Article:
Science.gov

Sample records for advanced energetic pair

  1. AdEPT, the Advanced Energetic Pair Telescope for Medium-Energy Gamma-Ray Polarimetry

    NASA Astrophysics Data System (ADS)

    Hunter, Stanley D.; Venters, Tonia M.; Krizmanic, John; Hanu, Andrei; Sasaki, Makoto; Timokhin, Andrey; AdEPT Instrument Team

    2016-01-01

    The Advanced Energetic Pair Telescope (AdEPT) is being developed as a future NASA/GSFC end-to-end MIDEX mission to perform high-sensitivity medium-energy (5-200 MeV) astronomy and revolutionary gamma-ray polarization measurements. The enabling technology for AdEPT is the GSFC Three-Dimensional Track Imager (3-DTI), a large volume gaseous time projection chamber with 2-dimentional micro-well detector (MWD) readout. The low density and high spatial resolution of the 3-DTI allows AdEPT to achieve high angular resolution (~0.5 deg at 67.5 MeV) and, for the first time, exceptional gamma-ray polarization sensitivity. These capabilities enable a wide range of scientific discovery potential for AdEPT. We will discuss several of the key science goals of the AdEPT mission. These include: 1) Explore fundamental processes of particle acceleration in active astrophysical objects, 2) Reveal the magnetic field configuration of the most energetic accelerators in the Universe, 3) Explore the origins and acceleration of cosmic rays and the Galactic MeV diffuse emission, 4) Search for dark matter in the Galactic center, and 5) Test relativity with polarization measurements.

  2. AdEPT, the Advanced Energetic Pair Telescope for Medium-Energy Gamma-Ray Polarimetry

    NASA Astrophysics Data System (ADS)

    Hunter, Stanley D.

    2016-04-01

    The Advanced Energetic Pair Telescope (AdEPT) is being developed as a future NASA/GSFC end-to-end MIDEX mission to perform high-sensitivity medium-energy (5-200 MeV) astronomy and revolutionary gamma-ray polarization measurements. The enabling technology for AdEPT is the GSFC Three-Dimensional Track Imager (3-DTI), a large volume gaseous time projection chamber with 2-dimentional micro-well detector (MWD) readout. The low density and high spatial resolution of the 3-DTI allows AdEPT to achieve high angular resolution (~0.5 deg at 67.5 MeV) and, for the first time, exceptional gamma-ray polarization sensitivity. These capabilities enable a wide range of scientific discovery potential for AdEPT. We will discuss several of the key science goals of the AdEPT mission. These include: 1) Explore fundamental processes of particle acceleration in active astrophysical objects, 2) Reveal the magnetic field configuration of the most energetic accelerators in the Universe, 3) Explore the origins and acceleration of cosmic rays and the Galactic MeV diffuse emission, 4) Search for dark matter in the Galactic center, and 5) Test relativity with polarization measurements.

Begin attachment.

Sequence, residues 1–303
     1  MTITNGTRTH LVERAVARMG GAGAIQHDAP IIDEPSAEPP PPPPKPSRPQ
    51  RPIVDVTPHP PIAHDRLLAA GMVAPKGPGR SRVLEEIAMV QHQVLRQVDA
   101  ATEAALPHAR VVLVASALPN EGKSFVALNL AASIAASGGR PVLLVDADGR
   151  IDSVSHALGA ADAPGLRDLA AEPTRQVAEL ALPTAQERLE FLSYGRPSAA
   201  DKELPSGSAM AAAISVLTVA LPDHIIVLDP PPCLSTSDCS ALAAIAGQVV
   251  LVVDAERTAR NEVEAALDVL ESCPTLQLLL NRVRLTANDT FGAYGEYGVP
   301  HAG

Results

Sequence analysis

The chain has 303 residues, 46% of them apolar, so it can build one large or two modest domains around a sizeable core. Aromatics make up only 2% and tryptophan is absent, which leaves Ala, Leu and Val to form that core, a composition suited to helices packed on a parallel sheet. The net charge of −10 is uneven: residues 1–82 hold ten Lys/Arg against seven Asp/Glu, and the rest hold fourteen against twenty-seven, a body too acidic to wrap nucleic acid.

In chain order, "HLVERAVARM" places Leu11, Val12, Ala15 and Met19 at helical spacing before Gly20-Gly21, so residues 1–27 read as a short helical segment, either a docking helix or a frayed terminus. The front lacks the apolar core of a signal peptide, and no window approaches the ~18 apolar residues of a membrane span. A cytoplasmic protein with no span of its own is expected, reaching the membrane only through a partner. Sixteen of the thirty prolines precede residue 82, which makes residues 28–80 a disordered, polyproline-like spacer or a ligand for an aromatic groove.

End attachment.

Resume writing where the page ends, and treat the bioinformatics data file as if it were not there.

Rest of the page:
3. Advanced Energetic Pair Telescope (AdEPT), a Medium-Energy Gamma-Ray Polarimeter

    NASA Astrophysics Data System (ADS)

    Hunter, Stanley; AdEPT Collaboration

    2015-04-01

    Since the launch of AGILE and FERMI, the scientific progress in high-energy (Eγ > 200MeV) gamma-ray science has been dramatic. Both of these telescopes cover a broad energy range from about ~ 20 MeV to > 10 GeV. However, a significant sensitivity gap remains in the medium-energy regime (0.75 - 200 MeV) that has been explored only by COMPTEL and EGRET on CGRO. Exploring this regime with angular resolution near the kinematic limit and high polarization sensitivity requires a telescope design with a low density electron track imaging detector. The medium-energy (~ 5 to 200 MeV) Advanced Energetic Pair Telescope (AdEPT), will achieve angular resolution of ~0.6 deg at 70 MeV, similar to the angular resolution of Fermi/LAT at ~ 1 GeV. AdEPT will also provide unprecedented polarization sensitivity of ~ 1 % for a 1 Crab source. The enabling technology for AdEPT is the Three-Dimensional Track Imager (3-DTI) a low-density, large volume, gas time-projection chamber with a 2-dimensional readout. We describe our ROSES/APRA funded program to build a 50x50x100 cm3 AdEPT prototype, measure the angular resolution and polarization sensitivity of this prototype at an accelerator.

  4. The Advanced Energetic Pair Telescope (AdEPT), a Medium-Energy Gamma-Ray Polarimeter

    NASA Astrophysics Data System (ADS)

    Hunter, Stanley D.

    2015-01-01